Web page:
Losing a loved one is painful at any time of the year, but the spirit of re-awakening that marks Spring’s return may also increase the challenge of dealing with your grief. Here are some tips on how to cope…
Death is like winter; it freezes our world. So when Spring returns with warmth, renewal and rebirth it can conflict with our painful feelings of loss – especially with so many events taking place without the
one you love. Some things you can do to cope with grief when everything around you is re-awakening include:
Remember that you are in control, not grief.
Spring marks the thaw. Things begin to move once more, and it can be helpful to move with them. Foremost in your mind should be the thought that you control your life, not grief. Yes,
the pain is there and it is real. But exploring — and participating — in springtime activities can nurture and warm your spirit and push it back.
Things that you can do on your own or with a small group:
- Plant a garden
- Go on a trip
- Take a nature walk
- Start a new hobby
- Spend time with family and friends
- Learn to meditate
- Study a new language… and so many others
The arrival of Spring brings with it a welcome variety of events that can brighten your days and help lessen your heartache. Gatherings that can lift your spirits include intriguing art exhibitions, colorful flower shows, lively music festivals, captivating craft and food fairs, and perhaps a holiday parade or two. Your local newspaper and television are good sources of information on what’s taking place in your area, as is a search of the Internet (just enter “springtime events in [your city]” into your web browser).
And make every effort to attend two occasions that are important parts of life, especially during the spring: weddings and graduations. Yes, there will be people celebrating at a time when you are feeling low, and it will be bittersweet to think of the person who should be at the happy event with you but is not. Still, remember that you can honor the one you have lost simple low-key ways while participating and not feel guilty.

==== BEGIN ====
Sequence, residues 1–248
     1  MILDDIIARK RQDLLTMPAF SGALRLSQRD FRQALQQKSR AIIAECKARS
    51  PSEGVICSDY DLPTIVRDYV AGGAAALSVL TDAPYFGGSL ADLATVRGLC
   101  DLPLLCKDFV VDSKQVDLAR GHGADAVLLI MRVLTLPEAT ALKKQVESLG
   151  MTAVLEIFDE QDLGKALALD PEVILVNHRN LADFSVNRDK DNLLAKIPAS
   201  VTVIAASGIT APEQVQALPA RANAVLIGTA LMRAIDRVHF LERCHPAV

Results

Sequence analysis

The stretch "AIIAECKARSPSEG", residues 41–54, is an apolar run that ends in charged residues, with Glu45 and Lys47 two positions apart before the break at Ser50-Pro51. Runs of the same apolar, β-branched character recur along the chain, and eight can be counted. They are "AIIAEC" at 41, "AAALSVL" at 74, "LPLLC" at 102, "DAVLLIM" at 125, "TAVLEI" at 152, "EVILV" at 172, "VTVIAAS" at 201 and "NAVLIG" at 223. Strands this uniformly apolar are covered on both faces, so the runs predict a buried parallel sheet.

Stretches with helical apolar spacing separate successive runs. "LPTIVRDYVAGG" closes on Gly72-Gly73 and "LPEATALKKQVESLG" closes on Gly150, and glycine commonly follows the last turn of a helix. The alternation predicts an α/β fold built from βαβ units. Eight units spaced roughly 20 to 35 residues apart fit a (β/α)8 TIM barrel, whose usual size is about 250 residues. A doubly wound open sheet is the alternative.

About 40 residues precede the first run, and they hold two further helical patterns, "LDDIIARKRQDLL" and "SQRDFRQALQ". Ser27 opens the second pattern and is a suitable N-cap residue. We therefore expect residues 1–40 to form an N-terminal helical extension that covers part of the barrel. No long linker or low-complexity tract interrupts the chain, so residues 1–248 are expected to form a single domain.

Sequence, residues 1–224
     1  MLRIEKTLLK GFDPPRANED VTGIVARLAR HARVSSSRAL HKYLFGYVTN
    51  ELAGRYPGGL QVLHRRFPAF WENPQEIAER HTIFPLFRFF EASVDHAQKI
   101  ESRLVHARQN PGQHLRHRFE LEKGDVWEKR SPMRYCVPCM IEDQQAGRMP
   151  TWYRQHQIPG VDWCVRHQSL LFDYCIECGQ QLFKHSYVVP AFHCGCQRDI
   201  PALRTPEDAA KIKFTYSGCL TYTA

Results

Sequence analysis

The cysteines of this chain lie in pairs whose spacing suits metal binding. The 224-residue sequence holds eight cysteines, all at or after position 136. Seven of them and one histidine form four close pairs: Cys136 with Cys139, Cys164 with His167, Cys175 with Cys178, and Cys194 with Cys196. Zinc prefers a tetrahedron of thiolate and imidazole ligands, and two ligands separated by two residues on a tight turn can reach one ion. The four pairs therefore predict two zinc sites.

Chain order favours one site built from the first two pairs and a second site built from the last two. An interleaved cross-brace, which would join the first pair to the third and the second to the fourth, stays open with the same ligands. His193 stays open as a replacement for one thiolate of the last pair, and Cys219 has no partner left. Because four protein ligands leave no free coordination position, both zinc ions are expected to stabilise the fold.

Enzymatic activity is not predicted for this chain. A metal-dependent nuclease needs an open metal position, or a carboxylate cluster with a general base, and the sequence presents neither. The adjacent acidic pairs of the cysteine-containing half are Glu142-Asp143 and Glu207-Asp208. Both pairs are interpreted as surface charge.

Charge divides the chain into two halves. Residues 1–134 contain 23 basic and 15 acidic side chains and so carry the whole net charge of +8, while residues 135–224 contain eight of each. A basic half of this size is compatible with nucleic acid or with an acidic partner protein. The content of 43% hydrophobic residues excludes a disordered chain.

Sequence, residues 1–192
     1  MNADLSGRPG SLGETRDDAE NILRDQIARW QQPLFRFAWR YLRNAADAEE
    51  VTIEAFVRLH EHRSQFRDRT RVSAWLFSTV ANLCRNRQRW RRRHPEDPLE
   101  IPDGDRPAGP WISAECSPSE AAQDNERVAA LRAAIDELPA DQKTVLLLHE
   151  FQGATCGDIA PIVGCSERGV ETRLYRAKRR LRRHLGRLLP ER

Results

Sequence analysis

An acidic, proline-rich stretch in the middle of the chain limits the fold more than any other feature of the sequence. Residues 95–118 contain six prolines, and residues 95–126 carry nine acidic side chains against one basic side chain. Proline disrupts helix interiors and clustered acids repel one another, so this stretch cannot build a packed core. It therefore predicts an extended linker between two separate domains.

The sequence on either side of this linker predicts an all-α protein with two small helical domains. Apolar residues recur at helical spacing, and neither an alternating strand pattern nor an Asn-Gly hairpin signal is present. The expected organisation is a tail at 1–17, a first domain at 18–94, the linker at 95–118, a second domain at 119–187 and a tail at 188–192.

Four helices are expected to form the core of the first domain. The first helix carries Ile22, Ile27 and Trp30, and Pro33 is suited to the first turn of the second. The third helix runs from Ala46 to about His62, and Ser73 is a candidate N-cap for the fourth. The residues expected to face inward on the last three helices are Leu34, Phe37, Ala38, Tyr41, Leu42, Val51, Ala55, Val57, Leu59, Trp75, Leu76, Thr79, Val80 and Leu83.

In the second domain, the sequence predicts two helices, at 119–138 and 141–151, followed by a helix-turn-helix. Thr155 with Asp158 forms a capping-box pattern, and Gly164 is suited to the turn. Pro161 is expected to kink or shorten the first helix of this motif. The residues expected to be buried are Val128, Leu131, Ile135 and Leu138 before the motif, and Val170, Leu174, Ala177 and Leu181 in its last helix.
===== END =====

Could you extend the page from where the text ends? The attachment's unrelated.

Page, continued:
When you take part in life, it will take part in you and help diminish your sorrow.
Maintain traditions, or start new ones.
Most families have springtime traditions, but it’s important to remember that the passing of a loved one doesn’t have to mean the loss of those traditions as well. In fact, maintaining those traditions can help diminish your pain and strengthen your healing. Having the same routine as you did in the past can be important to you and your family. Yes, there may be sadness because the one you have lost isn’t there. But better still, your springtime traditions can evoke pleasant memories of when you were all together. Laugh at the silly things that person might have done, prepare the same meals, go to the same places and recall how much fun you had, and partake in the comfort that traditions can bring.
And if maintaining the tradition of springtime activities you once shared proves to be too much, start new ones. If camping over spring break was the event your family looked forward to, scale back to a picnic in the country. A party at the beach can be transformed to a quiet gathering at a park. And of course, if you met at home, particularly for a religious celebration, you may want to try moving the location to another site. With a bit of imagination and thought you can build new memories to nurture your spirits and bring happiness back into your life.
Take comfort from nature
Grief can be like the icy grip of winter. It can leave us feeling dormant and numb; like we’re buried beneath a blanket of cold. And yet winter passes. The days become longer. The air grows warmer. The ice begins to melt and greenery starts pushing up through the vanishing snow. So it can be with your grief. By not letting the winter of your sadness control your life, by staying active and keeping the memory of your loved present but not overwhelming eventually that blanket will thaw and like the flowers in your garden you’ll once more be able to move forward and grow.
Take comfort from your religion
For many religious people, the spring season marks a major event in their beliefs and if you are spiritual that event can provide solace and offer you a path back towards living.
Numerous faiths are built upon and share with their followers the messages of hope and faith and comfort. If you are already devout, then you know the power of those messages and the direction they can provide. And if you aren’t particularly close to religion, Spring can be the perfect time to explore the many choices available and discover the guidance you would find beneficial at this time in your life.
Springtime is re-birth. Make it your time to re-embrace life and start healing from your loss at whatever pace you find comfortable.